NEW YORK — Weak mall traffic and promotional pressures pushed American Eagle Outfitters’ third-quarter profits down 11.7 percent.
This story first appeared in the November 15, 2002 issue of WWD. Subscribe Today.
The Warrendale, Pa.-based specialty retailer said for the three months ended Nov. 2, net income was knocked down to $27.1 million, or 37 cents a diluted share, from $30.7 million, or 42 cents, in the same quarter last year. Earnings exceeded AE’s and Wall Street’s already lowered guidance.
Total consolidated sales for the third quarter rose 3 percent to $374.5 million, from $363.7 million in last year’s quarter, and comparable-store sales, including Canadian units, dropped 7 percent.
The company said the negative comps were attributable to a decline in its average unit retail price, which dropped just over 10 percent in the quarter. Deflation was offset by increases in transactions per average store and units sold per average store and per transaction.
“Our third-quarter results were below our expectations,” Roger Markfield, AE’s president and chief merchandising officer, acknowledged on a morning conference call. “It was a challenging environment with heavy promotions in certain categories and very spotty mall traffic in a highly competitive marketplace.”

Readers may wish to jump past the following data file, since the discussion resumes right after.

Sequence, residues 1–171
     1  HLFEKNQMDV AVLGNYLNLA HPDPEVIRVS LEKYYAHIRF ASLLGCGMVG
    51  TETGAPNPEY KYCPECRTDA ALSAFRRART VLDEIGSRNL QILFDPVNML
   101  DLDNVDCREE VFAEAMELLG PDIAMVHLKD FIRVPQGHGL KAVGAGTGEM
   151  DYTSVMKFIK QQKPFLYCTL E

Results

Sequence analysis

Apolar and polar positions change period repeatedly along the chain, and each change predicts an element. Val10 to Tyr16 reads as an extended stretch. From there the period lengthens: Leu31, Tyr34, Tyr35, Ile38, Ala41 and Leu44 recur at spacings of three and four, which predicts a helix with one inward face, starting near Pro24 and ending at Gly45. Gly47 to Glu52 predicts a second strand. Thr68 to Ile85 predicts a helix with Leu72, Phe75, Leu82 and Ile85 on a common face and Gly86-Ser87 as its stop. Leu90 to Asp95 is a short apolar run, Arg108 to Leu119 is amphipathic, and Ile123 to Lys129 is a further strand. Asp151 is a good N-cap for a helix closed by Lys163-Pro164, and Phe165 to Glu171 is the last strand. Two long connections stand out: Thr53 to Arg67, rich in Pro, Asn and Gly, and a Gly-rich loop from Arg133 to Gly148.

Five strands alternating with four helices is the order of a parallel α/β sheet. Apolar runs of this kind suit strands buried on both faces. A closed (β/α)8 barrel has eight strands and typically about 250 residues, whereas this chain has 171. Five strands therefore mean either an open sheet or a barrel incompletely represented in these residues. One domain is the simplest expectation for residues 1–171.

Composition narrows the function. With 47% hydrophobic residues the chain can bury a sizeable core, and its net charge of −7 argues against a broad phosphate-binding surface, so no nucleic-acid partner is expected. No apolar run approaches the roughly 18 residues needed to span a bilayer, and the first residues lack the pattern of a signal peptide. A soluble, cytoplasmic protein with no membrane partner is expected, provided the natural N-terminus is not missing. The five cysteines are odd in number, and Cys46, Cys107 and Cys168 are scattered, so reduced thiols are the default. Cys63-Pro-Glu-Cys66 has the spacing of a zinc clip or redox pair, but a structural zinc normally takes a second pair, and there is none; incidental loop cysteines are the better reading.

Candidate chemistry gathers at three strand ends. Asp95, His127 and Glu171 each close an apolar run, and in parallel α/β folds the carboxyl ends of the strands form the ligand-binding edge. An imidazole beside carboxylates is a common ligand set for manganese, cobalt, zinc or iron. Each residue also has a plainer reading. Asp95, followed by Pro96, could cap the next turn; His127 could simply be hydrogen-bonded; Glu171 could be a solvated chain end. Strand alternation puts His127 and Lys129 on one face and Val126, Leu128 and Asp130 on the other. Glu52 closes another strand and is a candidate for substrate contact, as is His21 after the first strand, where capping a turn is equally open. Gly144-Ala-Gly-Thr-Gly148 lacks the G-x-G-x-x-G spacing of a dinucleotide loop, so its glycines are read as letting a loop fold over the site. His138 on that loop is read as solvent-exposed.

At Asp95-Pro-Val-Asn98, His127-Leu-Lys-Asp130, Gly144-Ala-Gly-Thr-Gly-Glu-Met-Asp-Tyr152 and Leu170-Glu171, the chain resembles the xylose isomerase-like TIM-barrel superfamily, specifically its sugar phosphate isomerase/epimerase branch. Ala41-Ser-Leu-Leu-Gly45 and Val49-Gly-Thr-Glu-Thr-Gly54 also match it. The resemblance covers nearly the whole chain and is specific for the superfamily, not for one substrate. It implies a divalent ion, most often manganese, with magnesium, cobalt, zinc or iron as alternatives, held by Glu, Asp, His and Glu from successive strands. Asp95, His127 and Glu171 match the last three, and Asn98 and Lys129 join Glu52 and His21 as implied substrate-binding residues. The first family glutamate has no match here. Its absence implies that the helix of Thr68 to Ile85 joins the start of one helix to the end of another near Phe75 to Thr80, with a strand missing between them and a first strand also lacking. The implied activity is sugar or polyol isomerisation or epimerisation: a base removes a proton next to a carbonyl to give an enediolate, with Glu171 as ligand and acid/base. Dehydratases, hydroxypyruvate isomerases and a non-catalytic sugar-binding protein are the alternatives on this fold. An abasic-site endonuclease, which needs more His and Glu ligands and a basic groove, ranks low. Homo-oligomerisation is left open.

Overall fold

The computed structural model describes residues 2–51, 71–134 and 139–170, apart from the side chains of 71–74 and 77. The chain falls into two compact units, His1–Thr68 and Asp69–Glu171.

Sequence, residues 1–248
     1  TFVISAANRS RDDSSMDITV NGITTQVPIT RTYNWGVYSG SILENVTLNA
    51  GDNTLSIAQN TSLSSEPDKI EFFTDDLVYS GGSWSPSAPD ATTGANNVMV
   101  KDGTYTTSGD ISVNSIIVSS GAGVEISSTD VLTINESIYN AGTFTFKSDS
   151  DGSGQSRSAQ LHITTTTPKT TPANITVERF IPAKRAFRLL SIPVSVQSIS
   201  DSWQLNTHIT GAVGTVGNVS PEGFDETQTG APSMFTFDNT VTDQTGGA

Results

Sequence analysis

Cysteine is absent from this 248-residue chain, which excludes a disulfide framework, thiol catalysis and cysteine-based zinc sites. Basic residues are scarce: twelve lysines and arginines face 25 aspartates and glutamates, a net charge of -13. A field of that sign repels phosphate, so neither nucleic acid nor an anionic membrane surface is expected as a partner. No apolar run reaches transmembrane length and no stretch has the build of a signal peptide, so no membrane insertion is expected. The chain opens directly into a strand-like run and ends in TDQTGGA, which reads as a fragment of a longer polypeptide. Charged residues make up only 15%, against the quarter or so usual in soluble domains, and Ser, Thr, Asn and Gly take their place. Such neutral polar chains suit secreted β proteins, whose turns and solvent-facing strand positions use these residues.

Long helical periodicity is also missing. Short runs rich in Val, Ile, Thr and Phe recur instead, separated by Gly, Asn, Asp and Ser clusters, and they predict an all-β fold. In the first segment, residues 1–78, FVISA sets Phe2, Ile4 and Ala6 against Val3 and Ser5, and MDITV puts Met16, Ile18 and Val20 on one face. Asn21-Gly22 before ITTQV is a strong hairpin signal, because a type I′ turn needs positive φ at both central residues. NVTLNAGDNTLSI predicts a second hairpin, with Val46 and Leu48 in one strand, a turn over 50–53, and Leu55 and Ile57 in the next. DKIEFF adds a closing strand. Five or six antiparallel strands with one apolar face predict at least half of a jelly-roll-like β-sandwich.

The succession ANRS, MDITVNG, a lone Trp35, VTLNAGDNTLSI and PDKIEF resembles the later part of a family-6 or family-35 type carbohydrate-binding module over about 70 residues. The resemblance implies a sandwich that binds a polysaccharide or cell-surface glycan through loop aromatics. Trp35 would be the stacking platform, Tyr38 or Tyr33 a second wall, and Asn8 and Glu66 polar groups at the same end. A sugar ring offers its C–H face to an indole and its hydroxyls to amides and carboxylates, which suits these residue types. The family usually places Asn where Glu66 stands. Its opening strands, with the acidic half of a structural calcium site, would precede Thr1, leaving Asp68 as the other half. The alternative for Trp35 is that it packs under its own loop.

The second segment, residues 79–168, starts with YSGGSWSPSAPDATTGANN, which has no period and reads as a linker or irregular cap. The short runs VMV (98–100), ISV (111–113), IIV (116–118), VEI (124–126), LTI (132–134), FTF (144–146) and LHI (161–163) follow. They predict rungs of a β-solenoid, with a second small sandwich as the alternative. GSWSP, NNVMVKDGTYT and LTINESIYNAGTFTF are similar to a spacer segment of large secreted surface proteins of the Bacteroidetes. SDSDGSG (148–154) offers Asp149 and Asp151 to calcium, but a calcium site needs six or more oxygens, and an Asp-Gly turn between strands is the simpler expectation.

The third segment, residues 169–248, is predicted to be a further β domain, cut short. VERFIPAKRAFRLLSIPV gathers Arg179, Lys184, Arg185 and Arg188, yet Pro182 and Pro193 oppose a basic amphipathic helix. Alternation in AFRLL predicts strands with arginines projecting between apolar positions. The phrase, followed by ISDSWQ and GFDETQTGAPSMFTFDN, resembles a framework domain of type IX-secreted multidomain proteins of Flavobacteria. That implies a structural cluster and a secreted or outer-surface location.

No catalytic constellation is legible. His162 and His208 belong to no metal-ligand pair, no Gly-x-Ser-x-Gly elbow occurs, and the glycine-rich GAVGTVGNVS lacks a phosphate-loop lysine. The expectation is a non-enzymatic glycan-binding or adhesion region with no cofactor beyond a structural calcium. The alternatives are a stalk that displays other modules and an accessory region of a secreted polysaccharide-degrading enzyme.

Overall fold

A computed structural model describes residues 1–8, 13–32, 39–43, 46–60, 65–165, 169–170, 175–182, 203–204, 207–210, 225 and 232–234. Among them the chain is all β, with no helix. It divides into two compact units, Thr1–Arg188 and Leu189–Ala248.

There was one notable exception: “Our women’s fashion was right on, enabling us to achieve a positive low-single-digit comp,” Markfield said, citing strength in denim, skirts, graphic T-shirts, accessories and underwear. He also said he is seeing solid results in sweaters, which are producing double-digit comp gains.
On the other hand, he said the men’s business, plagued by a lack of a clear and compelling fashion trends, comped down in the low double-digits. Men’s denim, however, had double-digit comp gains. Markfield said the division is improving and said he believes the momentum will increase with the start of holiday shopping. He declined to say if the trend meant the men’s division was now comping positively.
“We have become a denim destination store and we will continue to have a meaningful denim assortment all year long,” Markfield declared.
He said he believes “this Christmas we will get more than our fair share of the holiday spending in our segment of the market.” He said he is comfortable AE will be fully in stock in all key holiday items before the Thanksgiving weekend.
“The merchandise is fashion right and we are perceived more and more as the gift-giving brand,” he said, adding that early feedback on the holiday line has been positive.
Laura Weil, chief financial officer, said the later Thanksgiving this year — causing six fewer shopping days — will likely impact that month’s comps 3 to 4 percentage points, but said looking at November and December combined, the effect will be minimal. Comps for November are expected to be flat to down in the single digits, with December faring better.
For the first nine months , income fell 19 percent to $49.9 million, or 68 cents a diluted share, versus income of $61.6 million, or 83 cents. Total sales increased 7.1 percent to 971.6 million from $907.6 million. Comps for the AE stores receded 5 percent and were down 6.2 percent on a consolidated basis.